• Care shown through Jesus

When Jesus and his disciples arrived at Capernaum, it was to discover that Peter’s mother-in-law was seriously ill.  Unlike many stories in gospels, the illness is simply described as a fever that renders her powerless.  I wonder what renders us powerless at present?  And some of you are already thinking, we want to hear what will empower us!

Mark records that Jesus ‘lifted her up’  ἐγείρω  (egeirō); this little Greek verb can also be found in Mark 16:6, where the angel greets the women who went to the tomb.

 But he said to them, “Do not be alarmed; you are looking for Jesus of Nazareth, who was crucified. He has been raised; he is not here. Look, there is the place they laid him.

No word needed for Peter’s mother-in-law, just the physical touch.  I could go on at length about the importance of appropriate physical touch, but we are all in lock-down together, so I think you probably all understand this one!

Given that we know that for the coming three years or so, Peter and the other disciples would be living an itinerant life-style, it would be important for this woman to be fit and well not just to support her daughter – Peter’s wife – but also for her to resume her place as alpha female/matriarch within this family (she needed to be strong!).  so after being healed, she becomes a ‘deacon’ – one who serves.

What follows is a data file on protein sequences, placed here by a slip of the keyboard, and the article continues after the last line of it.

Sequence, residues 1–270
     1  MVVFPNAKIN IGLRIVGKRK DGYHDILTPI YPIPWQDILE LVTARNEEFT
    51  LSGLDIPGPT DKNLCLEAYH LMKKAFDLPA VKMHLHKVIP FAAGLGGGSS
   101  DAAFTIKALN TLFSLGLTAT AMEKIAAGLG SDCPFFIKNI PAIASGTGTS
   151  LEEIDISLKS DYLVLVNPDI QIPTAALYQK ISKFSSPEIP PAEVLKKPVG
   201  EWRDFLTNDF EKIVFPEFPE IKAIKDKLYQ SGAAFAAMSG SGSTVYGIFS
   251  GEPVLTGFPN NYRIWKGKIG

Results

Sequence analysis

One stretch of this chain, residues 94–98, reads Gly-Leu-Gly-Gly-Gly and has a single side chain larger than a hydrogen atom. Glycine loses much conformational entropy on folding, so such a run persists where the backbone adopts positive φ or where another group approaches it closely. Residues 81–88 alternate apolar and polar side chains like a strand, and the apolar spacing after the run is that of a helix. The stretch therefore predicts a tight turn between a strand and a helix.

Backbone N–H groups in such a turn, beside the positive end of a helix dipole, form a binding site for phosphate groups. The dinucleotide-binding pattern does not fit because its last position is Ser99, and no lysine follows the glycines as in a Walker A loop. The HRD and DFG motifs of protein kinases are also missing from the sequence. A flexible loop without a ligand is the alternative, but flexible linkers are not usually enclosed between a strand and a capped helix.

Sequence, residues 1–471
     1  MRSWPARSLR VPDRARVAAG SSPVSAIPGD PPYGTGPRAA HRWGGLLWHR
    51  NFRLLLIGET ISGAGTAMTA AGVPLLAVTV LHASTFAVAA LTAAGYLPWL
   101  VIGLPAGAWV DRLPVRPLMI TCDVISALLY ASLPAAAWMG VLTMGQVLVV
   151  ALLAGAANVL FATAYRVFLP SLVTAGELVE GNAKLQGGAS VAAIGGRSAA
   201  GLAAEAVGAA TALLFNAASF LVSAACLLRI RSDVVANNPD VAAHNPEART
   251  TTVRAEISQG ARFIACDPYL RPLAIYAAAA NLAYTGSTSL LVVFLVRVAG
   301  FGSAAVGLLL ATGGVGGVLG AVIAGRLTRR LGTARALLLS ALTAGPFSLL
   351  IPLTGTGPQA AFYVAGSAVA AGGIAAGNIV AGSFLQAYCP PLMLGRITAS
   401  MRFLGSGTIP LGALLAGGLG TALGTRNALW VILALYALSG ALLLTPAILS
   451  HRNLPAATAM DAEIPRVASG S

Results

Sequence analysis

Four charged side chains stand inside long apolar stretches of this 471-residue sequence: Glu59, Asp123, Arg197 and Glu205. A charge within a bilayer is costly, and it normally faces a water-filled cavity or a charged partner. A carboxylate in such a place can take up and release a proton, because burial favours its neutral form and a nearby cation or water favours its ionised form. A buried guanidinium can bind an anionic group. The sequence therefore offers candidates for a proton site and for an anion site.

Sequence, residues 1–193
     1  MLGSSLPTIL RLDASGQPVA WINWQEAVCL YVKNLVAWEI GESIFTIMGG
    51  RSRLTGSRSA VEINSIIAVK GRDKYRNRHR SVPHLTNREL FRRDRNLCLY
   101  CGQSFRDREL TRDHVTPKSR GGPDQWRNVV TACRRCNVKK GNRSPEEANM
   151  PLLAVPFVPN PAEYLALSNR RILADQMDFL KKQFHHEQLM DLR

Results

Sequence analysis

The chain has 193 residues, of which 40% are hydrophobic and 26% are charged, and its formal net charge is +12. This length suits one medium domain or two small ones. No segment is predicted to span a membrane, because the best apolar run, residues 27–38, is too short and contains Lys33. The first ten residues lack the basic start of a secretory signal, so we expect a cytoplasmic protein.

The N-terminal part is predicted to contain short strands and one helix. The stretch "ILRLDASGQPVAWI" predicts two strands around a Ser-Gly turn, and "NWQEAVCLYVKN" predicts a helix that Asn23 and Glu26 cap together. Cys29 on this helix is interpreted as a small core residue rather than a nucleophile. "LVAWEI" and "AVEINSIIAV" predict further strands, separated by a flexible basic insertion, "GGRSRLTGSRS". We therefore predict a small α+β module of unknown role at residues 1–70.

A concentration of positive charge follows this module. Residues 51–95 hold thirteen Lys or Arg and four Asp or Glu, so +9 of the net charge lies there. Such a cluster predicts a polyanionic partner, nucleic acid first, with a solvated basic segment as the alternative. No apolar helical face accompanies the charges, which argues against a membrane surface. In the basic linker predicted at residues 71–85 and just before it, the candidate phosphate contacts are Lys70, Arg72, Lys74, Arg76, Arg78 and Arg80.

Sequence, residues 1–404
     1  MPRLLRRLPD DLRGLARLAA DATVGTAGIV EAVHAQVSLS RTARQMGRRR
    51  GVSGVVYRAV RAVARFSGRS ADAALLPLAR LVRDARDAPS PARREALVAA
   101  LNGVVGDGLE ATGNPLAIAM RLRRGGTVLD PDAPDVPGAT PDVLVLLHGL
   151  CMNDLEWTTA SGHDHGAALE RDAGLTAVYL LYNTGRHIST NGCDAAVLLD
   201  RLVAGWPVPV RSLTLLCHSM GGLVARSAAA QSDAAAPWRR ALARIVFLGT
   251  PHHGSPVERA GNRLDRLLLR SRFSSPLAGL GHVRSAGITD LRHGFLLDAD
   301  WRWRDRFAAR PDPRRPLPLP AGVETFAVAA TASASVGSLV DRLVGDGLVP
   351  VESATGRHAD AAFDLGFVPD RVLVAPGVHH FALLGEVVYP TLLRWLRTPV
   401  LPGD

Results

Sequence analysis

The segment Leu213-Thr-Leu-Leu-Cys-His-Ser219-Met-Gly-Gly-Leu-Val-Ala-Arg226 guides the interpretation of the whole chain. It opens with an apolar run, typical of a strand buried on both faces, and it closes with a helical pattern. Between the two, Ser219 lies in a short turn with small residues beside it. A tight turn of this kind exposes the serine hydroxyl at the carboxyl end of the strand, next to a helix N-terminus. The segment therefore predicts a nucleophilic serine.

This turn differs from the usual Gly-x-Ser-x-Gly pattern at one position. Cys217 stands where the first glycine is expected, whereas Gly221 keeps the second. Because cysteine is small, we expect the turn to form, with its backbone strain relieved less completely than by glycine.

The day also turned out to be momentous for the many sick and demon-possessed people who came trusting for healing.  But the demons are forbidden to speak because they knew him.  To the evangelist, the life of Jesus as a whole is only comprehensible on the assumption that Jesus intentionally kept his real status secret.

And following a very busy day, Jesus did not opt for a lie-in the following morning but rose early to pray, setting a pattern for ministry.  

Now that Peter’s mother-in-law was returned to full health and strength, the group immediately move off to take the message to other towns and villages (1:35-39).  

So the God from everlasting, the creator of the ends of the earth is the God who gives power to the faint and who strengthens the powerless.  When Jesus walked on earth he continued to reveal this divine grace to all who would receive it; and the power of the Holy Spirit continues to make it known. 

Although the flower might fade and the grass will wither through God’s judgment, yet God comes with power to save and to gently gather the dispersed and devastated people in a new and hitherto unknown manner.  That is a promise that we need to take hold of.

Look up at the night sky and be amazed at what you see.  The one leads out the mighty host of stars like a warriors-king, is also the gentle shepherd who leads the flock.  I am the good shepherd, says Jesus.  No need to consult the stars when you can speak to the one who created them.

1 William P. Brown, The Seven Pillars of Creation:The Bible, Science, and the Ecology of Wonder. (Oxford:  Oxford University Press, 2010), 216